Beyond God the Mother

I’ve been fortunate to have practiced Christianity in communities where sexism did not impact me–an unusual experience, I realize. Women priests, religion professors, and Bible study leaders were well-represented even when I was on the conservative side of the spectrum. Growing up in an all-female home, I felt completed and refreshed by the masculine Father-Son-Holy Spirit language that many of my feminist fellow worshippers found oppressive. I didn’t understand their need to see a God who “looked like them”, because a large part of Christianity’s appeal for me was that I didn’t have to be God: not perfect, not the savior of my troubled loved ones.

Now, researching alternatives to my traditional faith, I find myself unsatisfied and unrepresented by so-called women’s spirituality for other reasons. Though traditions like Tarot and Wicca affirm both gender archetypes in a more balanced way than patriarchal Christianity, those archetypes still feel too binary, and in the case of women, too limited by the imagery associated with biological fertility. Not only is fertility not a part of my life story, but it triggers bad memories of the eternal deference and gratitude that my mother demanded because she “gave me life”. I appreciate queer Tarot teachers, like Beth Maiden at the Little Red Tarot blog and the transgender writer Rachel Pollack, because they remix gender archetypes in non-literal ways.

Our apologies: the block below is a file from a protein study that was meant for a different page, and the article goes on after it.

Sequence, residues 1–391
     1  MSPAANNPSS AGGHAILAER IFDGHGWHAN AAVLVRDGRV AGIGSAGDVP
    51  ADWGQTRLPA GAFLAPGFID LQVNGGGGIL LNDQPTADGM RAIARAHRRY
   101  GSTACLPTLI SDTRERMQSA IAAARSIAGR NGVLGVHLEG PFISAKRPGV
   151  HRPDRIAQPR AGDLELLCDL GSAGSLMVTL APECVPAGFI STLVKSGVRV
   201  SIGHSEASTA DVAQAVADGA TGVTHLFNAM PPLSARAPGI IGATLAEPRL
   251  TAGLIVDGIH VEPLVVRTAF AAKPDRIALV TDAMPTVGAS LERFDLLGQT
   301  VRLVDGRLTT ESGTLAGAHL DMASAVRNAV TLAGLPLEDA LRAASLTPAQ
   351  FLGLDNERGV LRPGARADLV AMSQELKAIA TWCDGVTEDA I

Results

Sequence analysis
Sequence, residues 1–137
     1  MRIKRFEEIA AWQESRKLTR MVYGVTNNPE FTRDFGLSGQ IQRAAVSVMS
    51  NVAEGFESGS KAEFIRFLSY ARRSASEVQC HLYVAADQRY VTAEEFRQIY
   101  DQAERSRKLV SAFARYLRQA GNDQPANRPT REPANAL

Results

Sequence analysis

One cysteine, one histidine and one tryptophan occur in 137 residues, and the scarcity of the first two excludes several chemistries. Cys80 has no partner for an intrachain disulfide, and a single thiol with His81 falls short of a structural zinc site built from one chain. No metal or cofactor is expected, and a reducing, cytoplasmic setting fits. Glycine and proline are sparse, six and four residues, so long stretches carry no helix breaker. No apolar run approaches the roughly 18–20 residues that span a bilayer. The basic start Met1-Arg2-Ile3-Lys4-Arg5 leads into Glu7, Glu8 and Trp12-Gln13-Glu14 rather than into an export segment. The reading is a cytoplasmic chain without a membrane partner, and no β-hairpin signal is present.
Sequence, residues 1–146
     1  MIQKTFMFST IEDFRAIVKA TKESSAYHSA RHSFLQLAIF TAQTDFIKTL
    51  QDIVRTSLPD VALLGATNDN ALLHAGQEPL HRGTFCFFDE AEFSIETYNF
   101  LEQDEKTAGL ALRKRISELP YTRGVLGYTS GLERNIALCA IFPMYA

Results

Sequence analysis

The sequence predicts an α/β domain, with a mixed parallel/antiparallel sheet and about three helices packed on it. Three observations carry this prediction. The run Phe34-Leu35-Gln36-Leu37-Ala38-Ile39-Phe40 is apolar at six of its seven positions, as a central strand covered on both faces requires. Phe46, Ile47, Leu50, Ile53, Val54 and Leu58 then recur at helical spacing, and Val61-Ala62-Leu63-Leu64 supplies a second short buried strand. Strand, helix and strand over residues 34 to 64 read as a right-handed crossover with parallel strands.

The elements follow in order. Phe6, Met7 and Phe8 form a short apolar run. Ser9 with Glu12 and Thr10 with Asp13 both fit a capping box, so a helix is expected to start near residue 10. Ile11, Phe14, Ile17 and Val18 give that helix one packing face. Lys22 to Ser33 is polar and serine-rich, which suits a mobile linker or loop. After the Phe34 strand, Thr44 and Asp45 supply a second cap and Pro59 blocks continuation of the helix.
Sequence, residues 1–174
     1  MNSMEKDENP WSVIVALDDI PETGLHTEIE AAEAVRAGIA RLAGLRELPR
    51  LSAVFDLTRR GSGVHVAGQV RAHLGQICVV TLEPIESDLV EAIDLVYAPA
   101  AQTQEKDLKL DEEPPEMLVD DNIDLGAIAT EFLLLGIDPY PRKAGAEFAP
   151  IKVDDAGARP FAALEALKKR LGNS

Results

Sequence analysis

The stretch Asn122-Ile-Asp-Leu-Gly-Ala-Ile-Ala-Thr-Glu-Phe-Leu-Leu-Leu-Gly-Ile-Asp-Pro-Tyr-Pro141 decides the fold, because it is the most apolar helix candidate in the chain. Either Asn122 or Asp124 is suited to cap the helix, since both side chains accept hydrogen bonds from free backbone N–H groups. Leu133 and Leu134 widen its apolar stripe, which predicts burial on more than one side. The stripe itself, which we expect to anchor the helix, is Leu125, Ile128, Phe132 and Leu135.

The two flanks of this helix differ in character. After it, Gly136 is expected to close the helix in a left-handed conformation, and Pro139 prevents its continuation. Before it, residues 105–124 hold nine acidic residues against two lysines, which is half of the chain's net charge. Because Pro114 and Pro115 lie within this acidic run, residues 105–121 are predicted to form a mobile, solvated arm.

Think of some metaphors and images associated with the Christian God besides “Father”: creator, warrior, rock, lamb, living water, shepherd, healer, teacher, sun, judge, giver of the Word. None of these images are necessarily gendered, nor do they reference the male procreative or sexual functions. They don’t require the worshipper to take the role of a child in relation to a divine parent. For women’s spirituality, though, we get Maiden-Mother-Crone (identity based on virginity and procreation), the Virgin Mary, fertile Mother Earth, sacred menstrual cycles, and so forth. If that works for you, great, but we need to be more creative in our imagery so that non-patriarchal spirituality can be inclusive of all female-identified and nonbinary people. Just a few examples, based on the women I know and the jobs women have held in history: weaver, cook, gardener, singer, warrior, oracle, fighter, teacher, midwife, prophet, counselor… Add your own!

We can acknowledge our great debt to the Second Wave feminist theologians who broke taboos by calling God “Mother”, and still say that for some of us, they didn’t go far enough. Why not also question the holdover from Roman imperial patriarchy that puts one deified parent in charge of the human family, be it Father or Mother? Perhaps that would be a stretch beyond Christianity, since monotheism (the Trinity notwithstanding) is a core doctrine. Personally, I imagine God as a loving and conscious but indescribable omnipresence, who communicates Godself to us through a pantheon of divine archetypes with diverse gendered and non-gendered traits. (So am I a Hindu now??)

I liked this 2014 post from The Chaos Witch’s blog, “Feminism, Gender and Being a Goddess-Loving Witch”, where she talks about challenging binary stereotypes in her neo-Pagan tradition: